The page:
"He has a dark cap and jersey."
Translation:Il a une casquette et un maillot foncés.
It is ambiguous and I can see why either way could be assumed and ought to be correct, but I initially took it the other way - I saw the English sentence as indicating that both the cap and the jersey were dark in color, because it says "a dark cap and jersey," not "a dark cap and A jersey." I assumed that the adjective dark was to be applied to the unit cap-and-jersey, if that makes sense, and not that the cap was being described separately from the jersey.
(Not that I ever use the word "jersey" anyway except when capitalized and to refer to the state, but that's another topic!)
I agree with Lukeknight13, however someone pointed out that in the French translation there is an s on fonces. Yet I think when translating from English to French it appears that it could be taken either way, yet I think most Americans would think the same...dark cap and a jersey.
my dictionary degines maillot as a vest (I believe that would be a singlet in US), a leotard, or a shirt; and maillot de bain is swimwear. It does not define maillot as any sort of jumper. In the uk a jersey is a rather old fashioned word for a jumper - the last person I can recall using the word jersey was my grandmother. In french a jumper is le pull. DL didn’t accept pull and I don’t understand why not. Or does a jersey mean something else in US english?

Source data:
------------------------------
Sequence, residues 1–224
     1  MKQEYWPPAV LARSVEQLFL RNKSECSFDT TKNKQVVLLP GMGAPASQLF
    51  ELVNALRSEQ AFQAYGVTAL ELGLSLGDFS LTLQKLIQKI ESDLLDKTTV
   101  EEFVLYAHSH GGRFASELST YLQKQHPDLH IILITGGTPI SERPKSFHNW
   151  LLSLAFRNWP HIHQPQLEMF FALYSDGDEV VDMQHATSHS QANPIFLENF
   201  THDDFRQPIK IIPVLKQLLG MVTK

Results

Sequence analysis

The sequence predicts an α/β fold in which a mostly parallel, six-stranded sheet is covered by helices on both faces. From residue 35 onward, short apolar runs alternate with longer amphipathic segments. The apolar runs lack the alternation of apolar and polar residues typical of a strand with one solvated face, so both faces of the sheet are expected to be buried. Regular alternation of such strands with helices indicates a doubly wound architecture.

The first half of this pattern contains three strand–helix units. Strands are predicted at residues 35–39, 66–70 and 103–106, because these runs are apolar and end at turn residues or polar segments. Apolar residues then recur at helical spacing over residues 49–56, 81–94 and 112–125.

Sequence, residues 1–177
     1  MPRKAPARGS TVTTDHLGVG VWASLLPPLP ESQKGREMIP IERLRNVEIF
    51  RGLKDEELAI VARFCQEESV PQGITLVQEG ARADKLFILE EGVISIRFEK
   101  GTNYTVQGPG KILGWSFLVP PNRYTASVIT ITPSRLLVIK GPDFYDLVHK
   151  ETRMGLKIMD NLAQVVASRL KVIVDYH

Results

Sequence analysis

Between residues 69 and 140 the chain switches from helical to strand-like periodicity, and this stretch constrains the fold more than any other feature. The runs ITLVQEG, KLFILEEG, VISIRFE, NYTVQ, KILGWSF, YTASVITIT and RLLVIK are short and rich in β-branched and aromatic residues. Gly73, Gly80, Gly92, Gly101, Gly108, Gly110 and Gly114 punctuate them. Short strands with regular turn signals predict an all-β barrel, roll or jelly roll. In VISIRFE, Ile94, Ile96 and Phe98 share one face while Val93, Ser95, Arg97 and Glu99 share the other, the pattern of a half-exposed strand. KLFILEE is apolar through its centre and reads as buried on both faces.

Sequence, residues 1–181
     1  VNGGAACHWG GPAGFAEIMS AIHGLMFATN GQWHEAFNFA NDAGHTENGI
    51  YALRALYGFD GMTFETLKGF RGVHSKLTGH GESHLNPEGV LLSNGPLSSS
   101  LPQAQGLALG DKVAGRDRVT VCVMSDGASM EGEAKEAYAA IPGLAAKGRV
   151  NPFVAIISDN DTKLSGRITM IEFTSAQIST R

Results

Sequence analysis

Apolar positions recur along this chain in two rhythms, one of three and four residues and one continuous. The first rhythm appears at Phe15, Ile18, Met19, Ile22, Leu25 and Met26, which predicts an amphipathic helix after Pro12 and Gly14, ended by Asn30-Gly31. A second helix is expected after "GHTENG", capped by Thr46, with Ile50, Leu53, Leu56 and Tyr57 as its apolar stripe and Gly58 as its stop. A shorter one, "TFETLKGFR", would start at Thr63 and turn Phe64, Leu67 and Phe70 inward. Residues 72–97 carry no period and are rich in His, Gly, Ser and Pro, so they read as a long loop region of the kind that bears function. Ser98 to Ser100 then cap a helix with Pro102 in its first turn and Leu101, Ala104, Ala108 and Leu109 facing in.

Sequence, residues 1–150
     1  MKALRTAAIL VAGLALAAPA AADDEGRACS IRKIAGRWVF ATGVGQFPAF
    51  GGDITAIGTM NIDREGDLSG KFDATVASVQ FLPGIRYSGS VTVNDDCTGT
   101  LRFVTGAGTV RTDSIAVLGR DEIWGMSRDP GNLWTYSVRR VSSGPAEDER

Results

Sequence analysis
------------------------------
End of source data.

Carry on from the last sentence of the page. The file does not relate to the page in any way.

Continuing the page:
In England we don't so often, if at all, use "jersey". Sweater, jumper, pullover, top, jacket (if zipped) or hoodie are more likely, depending on style. I think here jersey is a specific soft type of fabric. Also "bathing suit" would be considered old fashioned, with "swimming costume" or "swim(ming) suit" for womens', or swim(mi g) shorts/trunks" for mens', more commonly used. So confusing!